Note: Maintaining and building relationships in the corporate sector is considered a healthy business practice.

Open option for future 

Once the applicant receives the employer’s feedback through the job rejection letter, they can go and improve on their skills and experience to the point that they become valuable to the employer in the future. Therefore, issuing a job rejection letter ensures there is malice between the employer and the candidate, ensuring that should a position in the company open up in the future, the candidate would not hesitate from applying – employers should aim to keep their options open.

On the other hand, in a case where a job rejection letter was not issued, but the candidate works on their weakness. They might refrain from applying for a job in the company; this can be a loss to the company, especially if they need a highly qualified employee.  

Helps in employer branding

A company that issues job rejection letters would enjoy good PR from applicants even if they did not qualify for the position they were applying for. Applicants can refer to other people to apply for jobs in the company without fear of exposing them to the frustration of never getting a response from the employer.

On the other hand, if rejected candidates are not given a job rejection letter, they might share their application experience with family and friends, which might harm the employer’s/company’s reputation, which limits the number of people who will be applying for jobs limiting the company’s choices when it comes to qualified candidates.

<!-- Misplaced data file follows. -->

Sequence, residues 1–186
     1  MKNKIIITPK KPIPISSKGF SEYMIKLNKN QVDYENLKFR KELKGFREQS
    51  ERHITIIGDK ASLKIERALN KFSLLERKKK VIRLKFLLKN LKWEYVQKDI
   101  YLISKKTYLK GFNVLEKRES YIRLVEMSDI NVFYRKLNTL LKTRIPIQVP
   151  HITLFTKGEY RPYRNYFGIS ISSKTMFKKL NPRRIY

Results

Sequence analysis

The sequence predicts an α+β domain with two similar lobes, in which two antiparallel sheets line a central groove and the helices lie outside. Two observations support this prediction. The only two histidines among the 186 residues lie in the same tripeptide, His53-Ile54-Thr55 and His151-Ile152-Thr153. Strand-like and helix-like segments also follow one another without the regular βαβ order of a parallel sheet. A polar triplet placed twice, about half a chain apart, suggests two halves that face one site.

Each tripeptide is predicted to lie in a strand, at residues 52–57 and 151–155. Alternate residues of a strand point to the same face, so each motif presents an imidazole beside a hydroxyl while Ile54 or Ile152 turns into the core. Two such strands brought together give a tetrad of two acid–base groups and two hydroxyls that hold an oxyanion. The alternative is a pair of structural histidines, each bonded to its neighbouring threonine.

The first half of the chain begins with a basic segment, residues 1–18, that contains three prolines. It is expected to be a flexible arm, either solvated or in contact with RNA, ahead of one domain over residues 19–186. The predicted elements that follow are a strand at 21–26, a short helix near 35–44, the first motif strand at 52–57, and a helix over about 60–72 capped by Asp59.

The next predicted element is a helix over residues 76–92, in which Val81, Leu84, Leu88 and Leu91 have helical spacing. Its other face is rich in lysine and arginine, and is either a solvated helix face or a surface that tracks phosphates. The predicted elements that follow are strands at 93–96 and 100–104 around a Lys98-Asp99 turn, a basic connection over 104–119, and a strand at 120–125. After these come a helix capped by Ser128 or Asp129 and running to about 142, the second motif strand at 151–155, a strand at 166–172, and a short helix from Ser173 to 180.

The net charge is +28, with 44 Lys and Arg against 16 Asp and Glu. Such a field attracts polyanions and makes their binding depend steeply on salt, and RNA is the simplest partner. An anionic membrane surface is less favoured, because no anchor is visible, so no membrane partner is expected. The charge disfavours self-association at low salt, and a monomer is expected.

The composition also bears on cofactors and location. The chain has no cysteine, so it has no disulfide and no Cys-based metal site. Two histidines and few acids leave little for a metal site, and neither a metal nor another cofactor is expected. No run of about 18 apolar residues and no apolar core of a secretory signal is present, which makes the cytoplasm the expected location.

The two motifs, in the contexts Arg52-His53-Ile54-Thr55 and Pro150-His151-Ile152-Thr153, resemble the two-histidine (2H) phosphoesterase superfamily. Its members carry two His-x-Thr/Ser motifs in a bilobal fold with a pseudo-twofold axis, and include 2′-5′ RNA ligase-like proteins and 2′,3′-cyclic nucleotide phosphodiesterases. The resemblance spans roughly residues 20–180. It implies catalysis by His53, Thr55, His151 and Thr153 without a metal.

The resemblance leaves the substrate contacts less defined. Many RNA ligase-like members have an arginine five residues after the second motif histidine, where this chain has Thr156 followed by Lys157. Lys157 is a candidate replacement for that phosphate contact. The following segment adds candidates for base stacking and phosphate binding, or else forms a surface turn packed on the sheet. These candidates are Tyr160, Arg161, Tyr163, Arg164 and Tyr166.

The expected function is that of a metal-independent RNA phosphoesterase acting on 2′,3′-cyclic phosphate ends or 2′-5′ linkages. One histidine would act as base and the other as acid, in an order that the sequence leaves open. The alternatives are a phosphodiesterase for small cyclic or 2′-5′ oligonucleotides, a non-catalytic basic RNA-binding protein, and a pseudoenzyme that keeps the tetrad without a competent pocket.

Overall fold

Free Templates and Examples

Following are professionally crafted templates and samples that can be used as a guide and can also be customized after being downloaded:

Polite Rejection Letter Template

Dear [candidate name]


Thank you for applying for [title] with [company | organization name].


At this time, we would like to inform you that we’ve decided not to move forward with your application. We receive many highly qualified applications and have chosen to continue the selection process with other applicants whose profile more closely meet our requirements at this time.

We will keep your application on file for consideration related to future opportunities that may better fit your profile.

Thank you again for applying with [company name] and best of luck in your future endeavors!



[company official]

[company name]

Polite Rejection Letter Samples

Basic Interview Rejection Letter

Basic Polite Rejection Letter 01

Basic Polite Rejection Letter 02

Basic Polite Rejection Letter 03

Basic Polite Rejection Letter 04

Basic Polite Rejection Letter 05

Basic Polite Rejection Letter 06

Basic Polite Rejection Letter 07

Basic Polite Rejection Letter 08

Basic Polite Rejection Letter 09

Basic Polite Rejection Letter 10

Business Application Rejection Letter

Candidate Draft Rejection Letter

Polite Client Rejection Letter

Polite Email Rejection Letter

Polite Employment Rejection Letter

Polite Job Offer Rejection Letter 01

Polite Job Offer Rejection Letter 02

Polite Job Rejection Letter

Polite Rejection Letter 01

Polite Rejection Letter 02

Polite Rejection Letter 03

Polite Rejection Letter After Interview

Polite Response to Rejection Letter

Polite Resume Rejection Letter

Polite Proposal Rejection Letter